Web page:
The Commonwealth Court reversed, holding the venue in Philadelphia County was proper. In an action for defamation, an essential element of the cause of action is publication of the defamatory statement. Here, the publication to City officials, had occurred in Philadelphia. The Court reversed and remanded the matter back to Philadelphia County.
Questions about this case can be directed to Lindsey Cook, at (717) 237-7111 or firstname.lastname@example.org.
Pennsylvania Superior Court
No. 1261 MDA 2016
Decided: August 15, 2017
Service of original process upon the insurer rather than the insured will not withstand Preliminary Objection to improper service of process.
On August 28, 2011, a tree on Defendant Zolner’s property was uprooted during a storm and fell on Plaintiff Nicolas’ 1979 Pontiac Trans Am. Plaintiff filed a Writ of Summons against the Defendant on August 19, 2013; however, the Writ was not served upon the Defendant. Without ever obtaining service of the Writ, Plaintiff filed a Complaint on July 7, 2015. Like the Writ, the Complaint was not served. Plaintiff provided the Writ and Complaint to Erie Insurance, the applicable insurance provider for the Defendant, in an attempt to resolve the claim without furthering litigation expenses.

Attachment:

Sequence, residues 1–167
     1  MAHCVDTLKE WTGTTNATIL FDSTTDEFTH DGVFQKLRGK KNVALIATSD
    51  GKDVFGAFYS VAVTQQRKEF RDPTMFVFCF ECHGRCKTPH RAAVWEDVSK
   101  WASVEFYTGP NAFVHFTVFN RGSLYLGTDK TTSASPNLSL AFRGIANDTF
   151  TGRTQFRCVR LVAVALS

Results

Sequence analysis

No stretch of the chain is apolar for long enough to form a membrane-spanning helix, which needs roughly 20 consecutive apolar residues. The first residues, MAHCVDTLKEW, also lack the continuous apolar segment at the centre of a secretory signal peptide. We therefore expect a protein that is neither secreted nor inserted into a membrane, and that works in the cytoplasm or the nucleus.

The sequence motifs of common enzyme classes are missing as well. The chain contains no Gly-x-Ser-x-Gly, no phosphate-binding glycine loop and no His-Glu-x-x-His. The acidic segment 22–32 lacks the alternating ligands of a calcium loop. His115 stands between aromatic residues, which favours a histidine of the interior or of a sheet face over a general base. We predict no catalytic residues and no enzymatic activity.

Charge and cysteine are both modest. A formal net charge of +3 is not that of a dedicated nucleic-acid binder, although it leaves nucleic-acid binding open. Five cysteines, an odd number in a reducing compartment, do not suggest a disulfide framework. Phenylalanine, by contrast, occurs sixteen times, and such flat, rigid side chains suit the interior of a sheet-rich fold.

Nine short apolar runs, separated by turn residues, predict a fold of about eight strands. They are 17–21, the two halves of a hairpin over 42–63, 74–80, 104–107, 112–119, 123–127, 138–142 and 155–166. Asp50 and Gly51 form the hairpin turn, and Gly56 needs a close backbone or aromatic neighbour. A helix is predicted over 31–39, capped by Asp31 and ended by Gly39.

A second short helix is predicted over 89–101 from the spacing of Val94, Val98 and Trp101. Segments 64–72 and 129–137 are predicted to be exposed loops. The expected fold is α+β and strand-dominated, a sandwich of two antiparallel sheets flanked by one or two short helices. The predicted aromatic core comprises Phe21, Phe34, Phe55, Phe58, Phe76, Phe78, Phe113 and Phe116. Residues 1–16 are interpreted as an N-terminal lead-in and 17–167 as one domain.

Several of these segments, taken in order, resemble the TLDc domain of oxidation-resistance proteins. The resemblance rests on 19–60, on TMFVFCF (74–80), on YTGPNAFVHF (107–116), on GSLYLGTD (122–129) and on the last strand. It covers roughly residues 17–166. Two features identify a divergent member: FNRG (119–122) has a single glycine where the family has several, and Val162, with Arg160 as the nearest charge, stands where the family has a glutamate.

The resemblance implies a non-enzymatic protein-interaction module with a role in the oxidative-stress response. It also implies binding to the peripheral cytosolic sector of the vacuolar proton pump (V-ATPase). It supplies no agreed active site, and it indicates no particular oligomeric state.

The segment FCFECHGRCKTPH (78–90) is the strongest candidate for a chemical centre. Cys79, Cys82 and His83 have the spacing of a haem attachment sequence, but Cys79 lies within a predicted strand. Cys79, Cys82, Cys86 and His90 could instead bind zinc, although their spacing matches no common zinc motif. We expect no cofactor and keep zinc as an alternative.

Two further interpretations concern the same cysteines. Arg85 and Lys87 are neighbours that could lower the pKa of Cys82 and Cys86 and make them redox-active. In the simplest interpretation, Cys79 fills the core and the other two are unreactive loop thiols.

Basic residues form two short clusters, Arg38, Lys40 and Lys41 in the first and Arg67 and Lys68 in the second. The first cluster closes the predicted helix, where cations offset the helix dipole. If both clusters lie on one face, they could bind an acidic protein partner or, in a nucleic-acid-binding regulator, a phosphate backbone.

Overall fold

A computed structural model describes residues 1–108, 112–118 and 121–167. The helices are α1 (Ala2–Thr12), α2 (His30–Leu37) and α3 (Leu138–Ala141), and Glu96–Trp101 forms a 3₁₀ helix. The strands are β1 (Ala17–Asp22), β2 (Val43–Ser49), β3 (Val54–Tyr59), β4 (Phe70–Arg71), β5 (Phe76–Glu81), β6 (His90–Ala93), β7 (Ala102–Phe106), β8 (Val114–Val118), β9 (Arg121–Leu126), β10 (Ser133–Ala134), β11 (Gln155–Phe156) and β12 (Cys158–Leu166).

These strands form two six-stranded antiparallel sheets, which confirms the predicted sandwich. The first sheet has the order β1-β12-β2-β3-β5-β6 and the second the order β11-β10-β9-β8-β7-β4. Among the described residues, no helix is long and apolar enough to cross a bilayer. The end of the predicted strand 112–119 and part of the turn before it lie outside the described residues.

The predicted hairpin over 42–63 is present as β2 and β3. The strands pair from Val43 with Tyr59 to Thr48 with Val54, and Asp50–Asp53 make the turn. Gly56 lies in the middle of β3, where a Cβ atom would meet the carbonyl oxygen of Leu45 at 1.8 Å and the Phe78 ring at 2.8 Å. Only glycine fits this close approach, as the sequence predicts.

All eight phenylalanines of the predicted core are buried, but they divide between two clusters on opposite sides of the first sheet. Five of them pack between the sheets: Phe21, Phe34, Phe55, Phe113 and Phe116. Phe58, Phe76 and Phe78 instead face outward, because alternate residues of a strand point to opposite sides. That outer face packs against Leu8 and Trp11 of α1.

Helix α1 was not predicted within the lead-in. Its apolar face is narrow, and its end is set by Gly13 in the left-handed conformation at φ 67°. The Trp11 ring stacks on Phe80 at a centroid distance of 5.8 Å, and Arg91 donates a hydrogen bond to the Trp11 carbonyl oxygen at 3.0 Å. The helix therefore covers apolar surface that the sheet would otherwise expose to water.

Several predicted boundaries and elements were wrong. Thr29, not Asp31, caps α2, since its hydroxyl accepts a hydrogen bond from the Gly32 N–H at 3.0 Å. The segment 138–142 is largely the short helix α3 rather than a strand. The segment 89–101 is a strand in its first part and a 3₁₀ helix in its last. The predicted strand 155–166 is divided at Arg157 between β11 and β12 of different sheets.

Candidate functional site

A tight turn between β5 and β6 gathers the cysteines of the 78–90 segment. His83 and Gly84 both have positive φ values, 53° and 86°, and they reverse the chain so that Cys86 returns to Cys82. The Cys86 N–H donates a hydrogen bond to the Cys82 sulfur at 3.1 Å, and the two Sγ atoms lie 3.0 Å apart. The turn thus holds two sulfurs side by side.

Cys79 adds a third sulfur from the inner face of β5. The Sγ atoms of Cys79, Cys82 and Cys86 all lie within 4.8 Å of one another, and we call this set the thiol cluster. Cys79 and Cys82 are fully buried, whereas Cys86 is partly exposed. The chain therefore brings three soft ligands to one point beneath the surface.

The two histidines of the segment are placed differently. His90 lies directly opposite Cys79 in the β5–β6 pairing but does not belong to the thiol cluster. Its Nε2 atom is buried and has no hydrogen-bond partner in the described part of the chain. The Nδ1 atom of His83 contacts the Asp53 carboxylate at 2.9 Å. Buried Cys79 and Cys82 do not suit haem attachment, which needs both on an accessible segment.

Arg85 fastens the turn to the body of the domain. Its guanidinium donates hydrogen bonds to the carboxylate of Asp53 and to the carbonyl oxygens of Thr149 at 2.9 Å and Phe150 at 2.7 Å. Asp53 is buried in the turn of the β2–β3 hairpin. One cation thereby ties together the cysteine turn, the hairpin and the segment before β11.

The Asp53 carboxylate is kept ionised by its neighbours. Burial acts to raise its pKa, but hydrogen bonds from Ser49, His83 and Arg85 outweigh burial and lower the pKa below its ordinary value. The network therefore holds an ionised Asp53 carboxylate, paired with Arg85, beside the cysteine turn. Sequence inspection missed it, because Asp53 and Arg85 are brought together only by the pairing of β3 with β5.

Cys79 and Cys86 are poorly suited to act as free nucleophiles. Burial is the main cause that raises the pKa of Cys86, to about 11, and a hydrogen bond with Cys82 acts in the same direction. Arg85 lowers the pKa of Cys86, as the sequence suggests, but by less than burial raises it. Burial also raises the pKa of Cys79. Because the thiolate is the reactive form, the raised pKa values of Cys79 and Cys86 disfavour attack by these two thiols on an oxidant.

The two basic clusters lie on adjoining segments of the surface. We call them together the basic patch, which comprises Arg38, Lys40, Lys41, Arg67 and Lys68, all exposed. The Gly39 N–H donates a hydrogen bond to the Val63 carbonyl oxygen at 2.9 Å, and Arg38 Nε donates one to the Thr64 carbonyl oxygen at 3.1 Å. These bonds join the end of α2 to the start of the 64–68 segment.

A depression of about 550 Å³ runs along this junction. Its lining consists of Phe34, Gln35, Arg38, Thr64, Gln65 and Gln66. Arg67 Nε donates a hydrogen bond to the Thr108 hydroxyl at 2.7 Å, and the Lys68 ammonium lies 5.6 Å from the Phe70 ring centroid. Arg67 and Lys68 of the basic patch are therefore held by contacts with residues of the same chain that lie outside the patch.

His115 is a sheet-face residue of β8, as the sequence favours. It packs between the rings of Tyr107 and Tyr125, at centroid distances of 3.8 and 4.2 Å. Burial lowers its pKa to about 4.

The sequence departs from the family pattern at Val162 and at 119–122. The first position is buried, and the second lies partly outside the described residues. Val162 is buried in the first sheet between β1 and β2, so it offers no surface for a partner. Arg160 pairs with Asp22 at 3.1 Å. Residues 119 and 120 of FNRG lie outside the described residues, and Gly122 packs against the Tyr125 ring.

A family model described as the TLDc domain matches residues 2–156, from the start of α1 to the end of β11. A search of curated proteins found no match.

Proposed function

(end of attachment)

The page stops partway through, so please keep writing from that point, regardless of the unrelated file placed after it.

On February 24, 2016, Defendant filed Preliminary Objections, seeking dismissal of the Complaint due to improper service of the Writ of Summons and Complaint. In response, Plaintiff filed a Praecipe to reinstate the Complaint and served the Complaint via the Sheriff on February 29, 2016. In opposing the Preliminary Objections, Plaintiff argued that the Defendant had actual notice of the suit, despite never being served. Furthermore, the Plaintiff argued the Complaint should not be dismissed solely for lack of service. Defendant’s Preliminary Objections were sustained, and the Complaint dismissed.